Feudalism In The Roman Empire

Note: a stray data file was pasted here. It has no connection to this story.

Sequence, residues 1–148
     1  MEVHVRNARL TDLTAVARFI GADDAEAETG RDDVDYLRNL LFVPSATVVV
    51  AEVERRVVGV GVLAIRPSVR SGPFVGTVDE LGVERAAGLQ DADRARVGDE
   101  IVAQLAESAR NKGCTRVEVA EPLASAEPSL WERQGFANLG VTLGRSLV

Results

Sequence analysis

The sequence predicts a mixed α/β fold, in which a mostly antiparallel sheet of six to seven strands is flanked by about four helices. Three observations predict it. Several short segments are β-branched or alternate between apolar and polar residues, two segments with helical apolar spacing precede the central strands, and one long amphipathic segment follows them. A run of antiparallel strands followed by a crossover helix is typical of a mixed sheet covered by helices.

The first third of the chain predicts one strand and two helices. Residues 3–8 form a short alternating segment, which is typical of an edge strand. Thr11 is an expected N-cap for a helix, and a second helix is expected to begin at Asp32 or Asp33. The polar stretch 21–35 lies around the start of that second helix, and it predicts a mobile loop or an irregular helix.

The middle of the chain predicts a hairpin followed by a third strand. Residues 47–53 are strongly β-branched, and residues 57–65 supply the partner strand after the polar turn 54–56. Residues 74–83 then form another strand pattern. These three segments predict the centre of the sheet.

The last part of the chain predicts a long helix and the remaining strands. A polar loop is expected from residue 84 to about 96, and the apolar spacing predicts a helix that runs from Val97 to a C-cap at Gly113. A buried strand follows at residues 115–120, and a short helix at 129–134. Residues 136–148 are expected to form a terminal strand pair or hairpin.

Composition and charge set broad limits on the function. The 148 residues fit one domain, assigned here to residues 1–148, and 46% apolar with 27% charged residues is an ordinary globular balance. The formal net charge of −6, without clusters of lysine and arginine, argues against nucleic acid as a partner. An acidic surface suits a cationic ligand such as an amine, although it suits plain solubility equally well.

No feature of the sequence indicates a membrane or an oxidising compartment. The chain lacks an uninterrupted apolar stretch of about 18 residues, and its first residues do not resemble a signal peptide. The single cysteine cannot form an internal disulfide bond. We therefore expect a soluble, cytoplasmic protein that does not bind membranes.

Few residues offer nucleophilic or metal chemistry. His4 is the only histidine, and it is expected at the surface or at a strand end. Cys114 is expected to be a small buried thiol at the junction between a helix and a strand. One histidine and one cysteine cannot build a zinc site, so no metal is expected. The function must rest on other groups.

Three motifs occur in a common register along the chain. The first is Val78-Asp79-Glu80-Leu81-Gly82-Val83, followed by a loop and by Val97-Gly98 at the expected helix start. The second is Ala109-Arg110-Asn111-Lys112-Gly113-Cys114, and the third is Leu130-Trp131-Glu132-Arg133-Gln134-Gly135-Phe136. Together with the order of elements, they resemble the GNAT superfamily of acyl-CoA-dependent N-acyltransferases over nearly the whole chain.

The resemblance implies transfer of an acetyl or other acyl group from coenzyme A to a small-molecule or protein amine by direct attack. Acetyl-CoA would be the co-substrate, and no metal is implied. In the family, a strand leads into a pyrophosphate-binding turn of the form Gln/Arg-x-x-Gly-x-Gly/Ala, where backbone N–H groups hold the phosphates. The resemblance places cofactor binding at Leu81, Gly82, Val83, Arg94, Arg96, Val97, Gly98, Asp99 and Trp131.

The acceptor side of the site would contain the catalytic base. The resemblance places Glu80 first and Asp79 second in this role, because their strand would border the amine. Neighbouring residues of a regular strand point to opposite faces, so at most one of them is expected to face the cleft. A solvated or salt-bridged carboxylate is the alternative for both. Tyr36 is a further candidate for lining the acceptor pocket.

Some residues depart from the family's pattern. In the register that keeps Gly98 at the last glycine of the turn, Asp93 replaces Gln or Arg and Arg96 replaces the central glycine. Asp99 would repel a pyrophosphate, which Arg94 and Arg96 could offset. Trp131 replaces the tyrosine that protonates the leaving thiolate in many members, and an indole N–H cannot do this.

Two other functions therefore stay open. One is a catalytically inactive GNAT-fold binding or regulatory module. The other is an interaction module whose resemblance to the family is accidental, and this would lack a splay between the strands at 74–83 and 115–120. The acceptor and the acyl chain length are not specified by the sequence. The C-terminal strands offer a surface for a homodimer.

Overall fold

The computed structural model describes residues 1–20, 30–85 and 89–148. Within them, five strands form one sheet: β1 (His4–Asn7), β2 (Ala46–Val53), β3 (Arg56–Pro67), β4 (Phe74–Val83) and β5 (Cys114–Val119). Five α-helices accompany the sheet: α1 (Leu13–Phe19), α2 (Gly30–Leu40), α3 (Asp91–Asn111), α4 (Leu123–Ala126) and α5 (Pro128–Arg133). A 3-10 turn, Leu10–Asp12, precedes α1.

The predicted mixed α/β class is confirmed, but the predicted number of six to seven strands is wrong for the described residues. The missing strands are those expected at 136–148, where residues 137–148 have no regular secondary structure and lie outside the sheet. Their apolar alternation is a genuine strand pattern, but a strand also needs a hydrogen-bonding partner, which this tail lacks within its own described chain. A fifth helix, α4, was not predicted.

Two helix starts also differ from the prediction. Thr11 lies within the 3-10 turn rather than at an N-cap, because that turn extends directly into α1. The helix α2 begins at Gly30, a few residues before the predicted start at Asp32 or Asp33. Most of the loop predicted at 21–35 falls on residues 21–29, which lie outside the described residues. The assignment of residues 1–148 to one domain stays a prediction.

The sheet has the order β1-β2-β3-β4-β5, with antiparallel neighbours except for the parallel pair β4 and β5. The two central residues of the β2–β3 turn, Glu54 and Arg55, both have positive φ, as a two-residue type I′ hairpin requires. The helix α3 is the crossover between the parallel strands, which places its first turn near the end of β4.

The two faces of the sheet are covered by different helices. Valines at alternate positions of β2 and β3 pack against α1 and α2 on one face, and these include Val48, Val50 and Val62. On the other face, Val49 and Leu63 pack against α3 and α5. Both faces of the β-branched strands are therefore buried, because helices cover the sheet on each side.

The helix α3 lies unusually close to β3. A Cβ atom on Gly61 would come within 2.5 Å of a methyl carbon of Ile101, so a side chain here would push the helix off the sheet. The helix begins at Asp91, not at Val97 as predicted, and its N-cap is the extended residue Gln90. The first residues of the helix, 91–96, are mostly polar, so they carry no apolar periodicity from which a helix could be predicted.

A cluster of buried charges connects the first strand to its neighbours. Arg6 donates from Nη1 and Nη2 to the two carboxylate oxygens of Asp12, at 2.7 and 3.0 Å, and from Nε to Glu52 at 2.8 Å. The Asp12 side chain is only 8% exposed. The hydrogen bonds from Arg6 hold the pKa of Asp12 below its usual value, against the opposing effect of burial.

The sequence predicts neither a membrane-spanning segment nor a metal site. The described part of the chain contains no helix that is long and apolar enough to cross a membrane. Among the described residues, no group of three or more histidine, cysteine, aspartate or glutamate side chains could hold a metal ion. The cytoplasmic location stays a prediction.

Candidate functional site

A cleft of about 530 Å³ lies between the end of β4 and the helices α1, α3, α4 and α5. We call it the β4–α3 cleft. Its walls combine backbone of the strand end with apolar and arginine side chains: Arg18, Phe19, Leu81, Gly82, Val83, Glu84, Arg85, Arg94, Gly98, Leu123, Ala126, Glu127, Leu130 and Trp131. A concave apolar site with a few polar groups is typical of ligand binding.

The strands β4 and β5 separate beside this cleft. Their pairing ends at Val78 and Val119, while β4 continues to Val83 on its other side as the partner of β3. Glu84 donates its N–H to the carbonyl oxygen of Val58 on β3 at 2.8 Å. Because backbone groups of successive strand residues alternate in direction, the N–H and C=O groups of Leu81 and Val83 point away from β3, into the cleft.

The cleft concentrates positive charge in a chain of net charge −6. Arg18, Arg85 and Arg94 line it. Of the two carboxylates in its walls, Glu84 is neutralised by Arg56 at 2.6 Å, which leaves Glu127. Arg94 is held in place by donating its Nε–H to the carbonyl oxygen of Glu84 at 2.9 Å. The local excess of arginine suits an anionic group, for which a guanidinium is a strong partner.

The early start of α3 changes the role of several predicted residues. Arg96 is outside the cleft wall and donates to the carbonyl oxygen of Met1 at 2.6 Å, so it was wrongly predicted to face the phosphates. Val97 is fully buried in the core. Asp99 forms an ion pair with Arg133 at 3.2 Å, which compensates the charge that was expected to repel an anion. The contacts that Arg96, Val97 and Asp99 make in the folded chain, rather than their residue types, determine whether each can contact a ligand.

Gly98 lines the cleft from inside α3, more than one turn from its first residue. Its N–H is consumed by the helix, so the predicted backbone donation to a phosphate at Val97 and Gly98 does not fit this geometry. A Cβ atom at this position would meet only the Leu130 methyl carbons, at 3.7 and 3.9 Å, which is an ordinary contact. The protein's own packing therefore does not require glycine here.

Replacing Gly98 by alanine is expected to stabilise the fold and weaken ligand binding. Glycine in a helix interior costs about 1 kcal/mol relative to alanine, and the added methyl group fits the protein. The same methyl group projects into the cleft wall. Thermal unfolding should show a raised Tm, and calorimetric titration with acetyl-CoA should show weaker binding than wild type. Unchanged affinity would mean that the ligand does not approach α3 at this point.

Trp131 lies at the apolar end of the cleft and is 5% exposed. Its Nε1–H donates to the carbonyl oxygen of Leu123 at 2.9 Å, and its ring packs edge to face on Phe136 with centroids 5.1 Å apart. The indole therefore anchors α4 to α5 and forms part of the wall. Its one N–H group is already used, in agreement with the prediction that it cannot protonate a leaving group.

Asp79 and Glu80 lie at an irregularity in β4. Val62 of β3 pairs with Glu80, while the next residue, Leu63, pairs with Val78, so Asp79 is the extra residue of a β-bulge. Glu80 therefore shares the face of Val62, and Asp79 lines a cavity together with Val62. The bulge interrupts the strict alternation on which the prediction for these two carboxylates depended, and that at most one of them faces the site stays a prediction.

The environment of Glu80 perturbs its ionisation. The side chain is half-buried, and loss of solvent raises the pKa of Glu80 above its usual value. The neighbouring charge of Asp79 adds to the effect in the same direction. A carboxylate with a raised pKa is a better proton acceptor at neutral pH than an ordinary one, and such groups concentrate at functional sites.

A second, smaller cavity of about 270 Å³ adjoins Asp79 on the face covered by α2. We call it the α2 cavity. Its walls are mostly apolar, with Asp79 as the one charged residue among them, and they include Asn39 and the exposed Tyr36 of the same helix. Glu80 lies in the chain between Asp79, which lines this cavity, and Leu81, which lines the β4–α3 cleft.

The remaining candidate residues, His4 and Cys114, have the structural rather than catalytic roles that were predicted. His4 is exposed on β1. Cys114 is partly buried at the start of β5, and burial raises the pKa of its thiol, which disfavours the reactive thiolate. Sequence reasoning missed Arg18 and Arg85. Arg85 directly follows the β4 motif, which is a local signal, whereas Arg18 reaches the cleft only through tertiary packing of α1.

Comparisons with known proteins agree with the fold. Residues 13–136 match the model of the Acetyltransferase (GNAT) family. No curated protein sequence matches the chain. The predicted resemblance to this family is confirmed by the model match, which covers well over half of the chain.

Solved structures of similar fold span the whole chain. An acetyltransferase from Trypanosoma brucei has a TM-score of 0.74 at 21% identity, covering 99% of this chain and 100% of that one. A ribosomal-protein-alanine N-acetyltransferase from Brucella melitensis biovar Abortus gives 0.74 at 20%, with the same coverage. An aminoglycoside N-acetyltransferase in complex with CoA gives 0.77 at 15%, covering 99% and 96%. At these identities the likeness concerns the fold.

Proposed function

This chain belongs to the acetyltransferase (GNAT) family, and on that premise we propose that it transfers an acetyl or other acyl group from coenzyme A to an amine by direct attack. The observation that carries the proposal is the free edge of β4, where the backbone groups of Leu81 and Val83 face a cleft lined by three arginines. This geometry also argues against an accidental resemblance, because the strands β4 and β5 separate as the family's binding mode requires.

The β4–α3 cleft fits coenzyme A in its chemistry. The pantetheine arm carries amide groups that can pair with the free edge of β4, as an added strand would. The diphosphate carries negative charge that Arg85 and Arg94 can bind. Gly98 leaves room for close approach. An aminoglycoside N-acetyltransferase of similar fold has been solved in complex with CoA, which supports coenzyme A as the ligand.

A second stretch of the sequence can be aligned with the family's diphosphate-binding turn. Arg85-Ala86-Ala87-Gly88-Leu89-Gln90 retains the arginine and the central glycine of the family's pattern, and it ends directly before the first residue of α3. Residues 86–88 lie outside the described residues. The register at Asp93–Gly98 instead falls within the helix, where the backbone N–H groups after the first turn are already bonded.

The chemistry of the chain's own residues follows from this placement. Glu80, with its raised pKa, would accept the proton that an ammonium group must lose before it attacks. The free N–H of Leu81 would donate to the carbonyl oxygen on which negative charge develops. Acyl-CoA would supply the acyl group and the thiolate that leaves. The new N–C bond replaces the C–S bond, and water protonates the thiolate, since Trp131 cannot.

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Centuries before the Crusades War, in the 3rd Century, the Catholic Kingdom and Byzantine Empire were united through the name of the Roman Empire. However, in 287 CE, the Roman Empire had grown immensely, up to the point where it was absurd for the Emperor to govern all the provinces, only in Rome. Due to this, Diocletian, the Emperor of the Roman Empire divided the empire into two parts: the west and the east. The west of Rome was considered poor, in contrast to the prosperous East, due to the utilization of the Black, Red, Caspian, and Mediterranean Sea. Proceeding to the 11th Century, various strong Germanic Tribes invaded the Roman Empire, leading to the official split of the Roman Empire - into Catholic Western Europe and Eastern Byzantine Empire. (Class Notes: Dec. 1, 2017). The Catholic Kingdoms were located in Western Europe (Crusades Map). Its political structure revolved around feudalism. Feudalism was based on a structured society with relationships that meant that you would be a part of the certain land, in exchange for service, money, or labor. In this case, feudalism involved Feudal Manors, which included: the Lord’s castle, Hunting Grounds, Demshe, Manor Village, Serf land, and Peasant land. These lands divided the social classes into different areas of the Catholic Kingdoms (Class Notes: Dec. 4, 2017). Politics and religion in the kingdom revolved around the Pope. The Pope had authority over all secular rulers. Thus, the Pope played a significant role in
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